Located about halfway between the islands of Lipari and Stromboli, Panarea is the smallest of the Aeolian Islands with an area of only 3.4 square kilometers.

Like other islands in the Aeolian arc, Panarea is part of a large, mostly submerged volcanic apparatus, at a depth of 1200 m to 1700 m, of which the emerged part represents the rim of a volcano-tectonic depression with an elliptical shape oriented in an east-west direction.

The volcanic structure covers a total of 460 square kilometers, going together to form a large cone shaped and modified not only by eruptive activity, but also by faults, erosion and shoreline variations. This results in a west coast characterized by a steep cliff, while to the east and south the slopes slope down to the sea with flat areas.

Then out to sea to the east are a series of rocks (Lisca Bianca, Bottaro, Lisca Nera, Dattilo, the Panarelli, and the Formiche) and the steep islet of Basiluzzo.

Although close to Stromboli, Panarea has a completely different volcanological history: while Stromboli is a still active volcano, Panarea's last eruptions date back tens of thousands of years, and only small traces remain of many volcanic structures.

Panarea therefore although in a state of quiescence, is characterized by manifestations that testify to a very young volcanism. There is in fact, among the islets and rocks to the east of the island, an area characterized by exhalative activity, with active submarine fumaroles, the site of major gaseous emissions in the fall of 2002.

The geological setting of the Panarea area is the result of a rather complex volcanic activity characterized by effusive and explosive events, and it is not easy to reconstruct the initial phases since most of the deposits are below sea level.

The emerged part has been built up since about 150,000 years ago, based on recent dates derived from the products of the earliest eruptions that occurred on the surface. The oldest products visible on the surface, related to the activity of multiple effusive centers, are lavas found in the western and northern parts of the island.
Following alternating periods of stagnation and resurgence of eruptive activity, predominantly of the effusive type, several explosive eruptions occurred in the southeastern part of the island around 130,000 years ago. As the lava flows expanded and lava duomes grew side by side, shaping the larger island, the seaward area at the Panarelli, Dattilo, Lisca Nera, Bottarto and Lisca Bianca rocks was also affected by eruptions.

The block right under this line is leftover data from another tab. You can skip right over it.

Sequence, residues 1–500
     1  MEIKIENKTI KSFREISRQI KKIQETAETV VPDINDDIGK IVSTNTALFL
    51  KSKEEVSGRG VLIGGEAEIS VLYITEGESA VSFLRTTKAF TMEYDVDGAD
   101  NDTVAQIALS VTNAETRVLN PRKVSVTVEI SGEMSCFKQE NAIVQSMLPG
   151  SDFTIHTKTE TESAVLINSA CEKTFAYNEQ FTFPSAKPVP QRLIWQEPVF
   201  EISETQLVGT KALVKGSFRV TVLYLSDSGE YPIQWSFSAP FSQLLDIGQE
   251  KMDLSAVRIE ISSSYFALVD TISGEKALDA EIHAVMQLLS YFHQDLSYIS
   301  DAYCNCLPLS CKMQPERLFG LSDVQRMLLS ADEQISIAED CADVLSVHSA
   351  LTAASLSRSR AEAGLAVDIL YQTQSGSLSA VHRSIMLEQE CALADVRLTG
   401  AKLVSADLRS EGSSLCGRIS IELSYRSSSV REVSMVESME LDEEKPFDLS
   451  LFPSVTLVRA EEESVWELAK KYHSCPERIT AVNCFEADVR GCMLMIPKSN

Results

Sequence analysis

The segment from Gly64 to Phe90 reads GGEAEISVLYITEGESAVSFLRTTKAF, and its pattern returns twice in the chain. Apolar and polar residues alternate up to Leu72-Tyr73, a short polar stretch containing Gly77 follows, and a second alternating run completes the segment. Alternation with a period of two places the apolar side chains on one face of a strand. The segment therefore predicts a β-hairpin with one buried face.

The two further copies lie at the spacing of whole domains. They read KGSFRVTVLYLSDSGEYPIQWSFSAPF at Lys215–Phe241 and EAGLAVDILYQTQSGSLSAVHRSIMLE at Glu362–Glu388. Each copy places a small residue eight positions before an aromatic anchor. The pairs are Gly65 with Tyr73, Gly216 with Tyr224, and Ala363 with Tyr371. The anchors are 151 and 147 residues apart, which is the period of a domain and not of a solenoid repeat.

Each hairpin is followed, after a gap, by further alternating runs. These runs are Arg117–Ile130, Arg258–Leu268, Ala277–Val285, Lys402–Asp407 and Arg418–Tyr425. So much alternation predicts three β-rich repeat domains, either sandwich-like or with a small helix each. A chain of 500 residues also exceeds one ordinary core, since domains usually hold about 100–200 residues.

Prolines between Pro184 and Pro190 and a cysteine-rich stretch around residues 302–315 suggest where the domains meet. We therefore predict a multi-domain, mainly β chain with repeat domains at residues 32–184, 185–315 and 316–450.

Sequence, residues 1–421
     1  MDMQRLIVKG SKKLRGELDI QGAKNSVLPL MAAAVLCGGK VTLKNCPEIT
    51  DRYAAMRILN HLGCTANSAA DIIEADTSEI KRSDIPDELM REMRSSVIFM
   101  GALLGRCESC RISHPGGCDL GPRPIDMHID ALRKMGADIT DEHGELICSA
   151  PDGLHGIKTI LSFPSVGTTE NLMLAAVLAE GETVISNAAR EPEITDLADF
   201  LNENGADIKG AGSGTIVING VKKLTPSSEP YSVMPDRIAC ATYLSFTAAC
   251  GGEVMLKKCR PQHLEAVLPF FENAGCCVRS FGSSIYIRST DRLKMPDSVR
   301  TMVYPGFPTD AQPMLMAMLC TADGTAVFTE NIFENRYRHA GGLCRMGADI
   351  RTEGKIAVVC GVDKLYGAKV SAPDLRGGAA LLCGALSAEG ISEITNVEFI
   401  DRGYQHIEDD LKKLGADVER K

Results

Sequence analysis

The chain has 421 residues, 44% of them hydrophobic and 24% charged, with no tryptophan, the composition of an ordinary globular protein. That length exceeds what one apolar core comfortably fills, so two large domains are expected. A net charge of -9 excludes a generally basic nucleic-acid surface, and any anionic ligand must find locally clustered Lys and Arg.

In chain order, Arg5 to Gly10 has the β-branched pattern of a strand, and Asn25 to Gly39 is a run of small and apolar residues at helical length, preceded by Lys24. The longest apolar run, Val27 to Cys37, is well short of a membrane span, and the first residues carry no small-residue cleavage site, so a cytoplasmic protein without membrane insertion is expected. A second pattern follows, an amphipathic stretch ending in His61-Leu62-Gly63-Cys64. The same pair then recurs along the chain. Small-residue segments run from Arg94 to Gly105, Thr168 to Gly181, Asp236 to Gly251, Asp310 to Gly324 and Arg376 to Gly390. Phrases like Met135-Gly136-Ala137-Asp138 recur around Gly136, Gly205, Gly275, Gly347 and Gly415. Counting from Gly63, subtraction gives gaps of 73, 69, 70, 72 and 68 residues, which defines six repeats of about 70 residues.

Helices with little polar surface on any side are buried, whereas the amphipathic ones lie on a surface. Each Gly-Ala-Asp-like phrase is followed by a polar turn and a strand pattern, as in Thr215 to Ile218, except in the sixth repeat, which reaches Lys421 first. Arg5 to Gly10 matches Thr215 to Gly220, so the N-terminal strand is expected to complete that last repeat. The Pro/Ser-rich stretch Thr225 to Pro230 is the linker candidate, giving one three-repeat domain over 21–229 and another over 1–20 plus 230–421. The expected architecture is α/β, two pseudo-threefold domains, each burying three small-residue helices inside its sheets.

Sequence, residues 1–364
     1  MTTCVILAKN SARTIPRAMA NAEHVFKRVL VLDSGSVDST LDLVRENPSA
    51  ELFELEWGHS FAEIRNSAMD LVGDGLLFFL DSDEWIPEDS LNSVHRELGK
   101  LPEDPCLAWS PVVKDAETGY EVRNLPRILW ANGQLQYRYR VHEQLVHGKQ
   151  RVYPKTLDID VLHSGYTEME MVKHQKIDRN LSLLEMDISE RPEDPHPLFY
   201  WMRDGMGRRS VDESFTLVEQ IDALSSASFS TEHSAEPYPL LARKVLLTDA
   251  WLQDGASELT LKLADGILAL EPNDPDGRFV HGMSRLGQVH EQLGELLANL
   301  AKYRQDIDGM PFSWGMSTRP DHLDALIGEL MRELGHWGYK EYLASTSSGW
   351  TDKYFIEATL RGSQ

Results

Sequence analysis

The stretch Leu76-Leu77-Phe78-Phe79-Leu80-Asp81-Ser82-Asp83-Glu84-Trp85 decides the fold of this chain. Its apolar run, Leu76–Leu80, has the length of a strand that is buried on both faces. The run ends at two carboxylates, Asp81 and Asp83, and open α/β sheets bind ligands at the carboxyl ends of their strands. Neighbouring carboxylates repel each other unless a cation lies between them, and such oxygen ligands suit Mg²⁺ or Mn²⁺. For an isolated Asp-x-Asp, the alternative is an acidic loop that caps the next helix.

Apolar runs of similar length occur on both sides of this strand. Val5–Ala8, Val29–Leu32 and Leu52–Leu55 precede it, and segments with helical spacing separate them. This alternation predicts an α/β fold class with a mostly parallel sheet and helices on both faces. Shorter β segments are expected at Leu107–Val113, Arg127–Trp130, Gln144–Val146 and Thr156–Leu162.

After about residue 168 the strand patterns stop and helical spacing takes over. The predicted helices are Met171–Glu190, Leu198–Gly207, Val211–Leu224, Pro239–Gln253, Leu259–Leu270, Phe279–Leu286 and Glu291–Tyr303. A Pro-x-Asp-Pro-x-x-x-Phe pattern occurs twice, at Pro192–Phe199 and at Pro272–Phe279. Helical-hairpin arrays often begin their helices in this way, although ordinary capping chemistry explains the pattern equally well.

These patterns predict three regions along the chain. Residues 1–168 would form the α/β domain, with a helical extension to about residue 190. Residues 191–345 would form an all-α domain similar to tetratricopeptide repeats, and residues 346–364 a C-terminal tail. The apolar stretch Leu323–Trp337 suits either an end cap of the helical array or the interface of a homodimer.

Beginning 59,000 years ago, the eruptions became predominantly explosive. Thin layers of dark slag, attributed to these explosions, are found in several places on the island.
In the long period between the two eruptive phases, the island underwent intense erosive action by the sea and was partly covered by marine-type sedimentary deposits.
The last eruptions occurred at the islet of Basiluzzo, between 59 and 54,000 years ago. At the end of this cycle, intense tectonic activity disrupted the morphology of the island: the entire central sector subsided, as evidenced also by the archaeological remains of ancient Roman baths.

Volcanic events are still present today in the form of fumarolic activity, widespread to a depth of about 20 m, between the islands of Bottaro, Dattilo, Lisca Nera, Lisca Bianca and Panarelli. Emissions are also present on the Calcara beach and on the seabed of the stretch of sea facing the beach.

Panarea is in a quiescent condition with volcanic manifestations represented mostly by intensely diffuse fumaroles in the submerged part of the volcanic complex at a depth of about 20 m, between the islands of Bottaro, Dattilo, Lisca Nera, Lisca Bianca and Panarelli. Such emissions are also present on the Calcara beach and on the seabed of the stretch of sea facing the beach itself.

One type of risk indirectly related to volcanic activity is landslide movements. Some slopes, in fact, even under ordinary conditions, are unstable due to the high slope of the slopes.

In addition to the danger induced by the sudden sliding of rock masses, an additional danger may be the formation of tidal waves due to the entry of large landslides into the sea.

The facility in charge of monitoring volcanic activity on Panarea Island is the Etnean Observatory - Catania Section of the National Institute of Geophysics and Volcanology (INGV).
The network consists of seismicity and ground deformation monitoring systems. Periodic water and gas measurements and sampling are also carried out.

In the early morning hours of November 3, 2002, in front of the island's east coast, local fishermen sensed a strong sulfur smell and spotted the sea boiling over, with dead fish on the surface and water color change.
The phenomenon was occurring at three points in front of the island.
One area was west of Lisca Bianca in the direction of Dattilo, where the gas reached the surface in the form of bubbles a few meters in diameter.
In a second area, west of Bottaro, the gas emission was even more intense and occurred from a depth of around 20 m.

The third area occupied a smaller area, between Bottaro and Lisca Nera. Around the fumaroles, the water had a temperature around 22-23°C, not different from that measured at the island's pier, while the acidity was higher than that commonly observed in seawater.
The gas emission was so intense that the smell of hydrogen sulfide was perceptible at great distances. However, over the course of a few days the activity reduced significantly, continuing with lower intensity until January 2003.